The monitoring program on harbour porpoises at Horns Rev Offshore Wind Farm in the Danish North Sea, initiated in 1999, has now come to an end with collection of final data in 2005 and spring 2006. Seven years of surveys and five years of acoustic recordings of harbour porpoises on Horns Reef have resulted in a unique set of data documenting effects of the construction and operation of one of the world’s two largest offshore wind farms.
Horns Reef is a shallow reef consisting entirely of sand and with a complex hydrography. The reef and adjacent areas are important habitats for harbour porpoises. The occurrence of porpoises, as documented by visual surveys from ship and airplane as well as with acoustic dataloggers mounted on the seabed, is patchy in both space and time. There is thus a large variation between visual surveys in the number of animals observed and where they are observed. In general the wind farm area seems to be as important to the porpoises as the rest of the reef.
Effects of wind farm
The current dataset, which covers time before, during and after construction of Horns Rev Offshore Wind Farm, indicates a weak negative general effect from the construction and semi-operation on porpoises, with more specific effects linked to pile driving activities. No effects were observed from the operating wind farm.
Acoustic recordings (with T-PODs) did not show any significant change in abundance in the wind farm area as a whole during construction (see figure below). However, there was a significant difference between semi-operation (when intensive maintenance work too place) and operation, measured on the indicator porpoise-positive-minutes (PPM). PPM reached the lowest mean value in the entire monitoring period during semi-operation. Porpoise acoustic activity was higher in the operation phase than during baseline, but this was the case both in the wind farm and in the surrounding reference areas.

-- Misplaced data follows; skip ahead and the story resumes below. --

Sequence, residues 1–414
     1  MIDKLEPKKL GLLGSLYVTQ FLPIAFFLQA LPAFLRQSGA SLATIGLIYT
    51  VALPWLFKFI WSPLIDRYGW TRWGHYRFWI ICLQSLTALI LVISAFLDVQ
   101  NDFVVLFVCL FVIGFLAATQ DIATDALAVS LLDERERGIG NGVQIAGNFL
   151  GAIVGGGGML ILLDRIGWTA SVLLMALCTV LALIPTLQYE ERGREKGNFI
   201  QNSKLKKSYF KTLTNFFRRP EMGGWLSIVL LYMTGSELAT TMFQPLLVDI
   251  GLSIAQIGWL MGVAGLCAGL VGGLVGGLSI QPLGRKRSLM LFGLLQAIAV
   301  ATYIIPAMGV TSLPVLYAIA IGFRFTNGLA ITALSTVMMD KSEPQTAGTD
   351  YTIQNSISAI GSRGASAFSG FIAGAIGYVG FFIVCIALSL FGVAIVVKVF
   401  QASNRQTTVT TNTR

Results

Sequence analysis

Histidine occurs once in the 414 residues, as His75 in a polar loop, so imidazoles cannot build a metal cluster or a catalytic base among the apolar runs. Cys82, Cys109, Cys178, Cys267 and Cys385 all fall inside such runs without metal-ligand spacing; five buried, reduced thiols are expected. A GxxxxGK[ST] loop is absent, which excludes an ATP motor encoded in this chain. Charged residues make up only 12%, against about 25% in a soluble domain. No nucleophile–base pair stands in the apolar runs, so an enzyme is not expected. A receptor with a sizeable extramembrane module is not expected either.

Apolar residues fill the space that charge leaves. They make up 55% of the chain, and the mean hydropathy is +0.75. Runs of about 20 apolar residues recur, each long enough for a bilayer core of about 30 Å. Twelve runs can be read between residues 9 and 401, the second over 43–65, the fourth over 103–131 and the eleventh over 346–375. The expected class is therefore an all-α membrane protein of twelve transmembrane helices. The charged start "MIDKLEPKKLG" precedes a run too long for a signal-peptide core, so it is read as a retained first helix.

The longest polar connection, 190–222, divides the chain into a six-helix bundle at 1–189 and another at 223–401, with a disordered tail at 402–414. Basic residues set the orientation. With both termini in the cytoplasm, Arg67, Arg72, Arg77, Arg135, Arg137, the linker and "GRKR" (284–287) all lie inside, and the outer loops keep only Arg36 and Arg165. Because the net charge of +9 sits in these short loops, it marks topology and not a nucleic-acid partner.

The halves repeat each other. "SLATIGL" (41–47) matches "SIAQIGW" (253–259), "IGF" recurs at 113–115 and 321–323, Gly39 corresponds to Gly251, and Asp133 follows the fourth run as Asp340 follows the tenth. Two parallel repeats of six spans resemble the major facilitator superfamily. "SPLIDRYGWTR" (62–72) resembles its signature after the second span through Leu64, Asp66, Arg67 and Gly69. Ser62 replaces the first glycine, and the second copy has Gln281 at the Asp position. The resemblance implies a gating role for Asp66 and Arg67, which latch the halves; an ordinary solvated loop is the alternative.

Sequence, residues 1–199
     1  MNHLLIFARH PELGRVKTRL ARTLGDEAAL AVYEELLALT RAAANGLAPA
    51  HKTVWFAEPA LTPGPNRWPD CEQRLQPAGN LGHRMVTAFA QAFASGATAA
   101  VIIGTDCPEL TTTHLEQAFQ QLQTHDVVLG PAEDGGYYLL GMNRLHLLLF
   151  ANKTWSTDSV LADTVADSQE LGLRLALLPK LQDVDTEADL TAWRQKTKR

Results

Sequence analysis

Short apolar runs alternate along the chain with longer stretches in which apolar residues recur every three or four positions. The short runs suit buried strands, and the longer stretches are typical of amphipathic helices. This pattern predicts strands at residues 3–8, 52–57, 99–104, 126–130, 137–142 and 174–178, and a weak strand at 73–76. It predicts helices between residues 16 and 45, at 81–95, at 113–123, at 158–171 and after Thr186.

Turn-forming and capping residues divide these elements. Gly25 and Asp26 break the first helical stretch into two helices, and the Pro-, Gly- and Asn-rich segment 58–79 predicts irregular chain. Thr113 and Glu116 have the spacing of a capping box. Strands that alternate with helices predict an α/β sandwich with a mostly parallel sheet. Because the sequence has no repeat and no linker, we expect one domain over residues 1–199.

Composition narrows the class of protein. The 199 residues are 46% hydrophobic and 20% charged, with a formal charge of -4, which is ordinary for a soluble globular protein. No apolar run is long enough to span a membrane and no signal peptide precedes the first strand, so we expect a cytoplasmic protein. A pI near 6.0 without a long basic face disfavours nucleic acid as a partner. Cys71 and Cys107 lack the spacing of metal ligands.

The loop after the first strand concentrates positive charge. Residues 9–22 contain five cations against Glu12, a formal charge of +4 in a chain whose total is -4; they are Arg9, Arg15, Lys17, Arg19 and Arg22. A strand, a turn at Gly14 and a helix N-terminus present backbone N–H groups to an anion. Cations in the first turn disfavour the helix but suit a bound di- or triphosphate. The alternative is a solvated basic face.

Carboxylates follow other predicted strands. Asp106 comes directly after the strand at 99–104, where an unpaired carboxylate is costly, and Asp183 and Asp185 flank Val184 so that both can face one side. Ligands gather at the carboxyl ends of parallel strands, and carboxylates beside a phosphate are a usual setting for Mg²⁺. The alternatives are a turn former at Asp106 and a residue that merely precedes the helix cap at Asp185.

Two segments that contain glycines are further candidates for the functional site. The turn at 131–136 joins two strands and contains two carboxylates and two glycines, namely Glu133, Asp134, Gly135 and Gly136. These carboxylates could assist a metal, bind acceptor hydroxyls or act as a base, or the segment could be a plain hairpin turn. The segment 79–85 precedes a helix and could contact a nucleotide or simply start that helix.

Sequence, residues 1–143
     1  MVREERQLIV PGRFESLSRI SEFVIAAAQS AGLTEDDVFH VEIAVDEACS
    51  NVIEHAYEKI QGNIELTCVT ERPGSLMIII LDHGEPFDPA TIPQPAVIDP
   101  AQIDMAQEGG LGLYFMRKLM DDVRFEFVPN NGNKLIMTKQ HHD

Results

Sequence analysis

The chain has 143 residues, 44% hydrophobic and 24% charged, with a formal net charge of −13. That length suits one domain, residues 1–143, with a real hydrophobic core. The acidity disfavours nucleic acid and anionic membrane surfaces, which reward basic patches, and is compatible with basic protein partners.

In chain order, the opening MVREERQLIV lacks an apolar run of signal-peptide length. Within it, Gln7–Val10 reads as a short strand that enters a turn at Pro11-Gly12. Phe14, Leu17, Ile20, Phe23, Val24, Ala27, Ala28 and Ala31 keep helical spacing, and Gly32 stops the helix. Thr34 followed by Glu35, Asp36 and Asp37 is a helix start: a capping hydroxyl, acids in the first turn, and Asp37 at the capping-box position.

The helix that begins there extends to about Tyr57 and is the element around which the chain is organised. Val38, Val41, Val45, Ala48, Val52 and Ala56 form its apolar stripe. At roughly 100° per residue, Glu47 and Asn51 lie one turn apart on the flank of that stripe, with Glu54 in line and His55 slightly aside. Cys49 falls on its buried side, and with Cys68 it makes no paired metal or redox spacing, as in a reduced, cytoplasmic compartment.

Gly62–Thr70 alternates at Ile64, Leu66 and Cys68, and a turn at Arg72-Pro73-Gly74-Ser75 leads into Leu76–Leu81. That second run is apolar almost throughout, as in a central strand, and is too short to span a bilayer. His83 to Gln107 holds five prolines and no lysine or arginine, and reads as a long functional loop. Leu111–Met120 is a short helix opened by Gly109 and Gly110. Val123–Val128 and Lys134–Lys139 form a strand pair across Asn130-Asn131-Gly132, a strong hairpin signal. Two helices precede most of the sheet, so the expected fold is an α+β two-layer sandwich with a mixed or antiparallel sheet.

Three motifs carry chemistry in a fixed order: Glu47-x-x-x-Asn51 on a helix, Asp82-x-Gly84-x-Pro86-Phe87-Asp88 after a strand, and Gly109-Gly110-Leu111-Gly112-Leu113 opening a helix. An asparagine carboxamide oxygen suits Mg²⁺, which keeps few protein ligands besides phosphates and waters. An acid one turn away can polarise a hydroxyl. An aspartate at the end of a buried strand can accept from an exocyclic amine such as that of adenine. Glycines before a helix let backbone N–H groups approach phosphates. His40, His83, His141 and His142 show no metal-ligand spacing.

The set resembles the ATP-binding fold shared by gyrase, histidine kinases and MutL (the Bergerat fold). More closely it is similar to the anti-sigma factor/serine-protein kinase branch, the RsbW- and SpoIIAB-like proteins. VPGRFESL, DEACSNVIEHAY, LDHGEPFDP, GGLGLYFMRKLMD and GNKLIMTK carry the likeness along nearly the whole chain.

Conclusions from the ship surveys point in the same direction as the acoustic data, i.e. a weak negative and local effect of the wind farm during construction but otherwise no significant changes. Also ship survey data indicate more porpoises in the area as a whole during the operational period than for any other of the periods, baseline included.
Specific effects of construction
Although the design of the monitoring program was only aimed at detecting general effects of the construction and operation of the wind farm on porpoise abundance, it was nevertheless possible to document specific effects of a single activity: pile drivings. The T-POD data indicate that porpoises left the entire Horns Reef area in response to the loud impulse sound generated by the pile driving operation. After a period of 6-8 hours, activity returned to levels normal for the construction period as a whole.
Responses of porpoises to the construction and operation of Horns Rev Offshore Wind Farm thus lies within what was anticipated in the Environmental Impact Assessment: a partial displacement during construction and return to baseline activity during normal operation.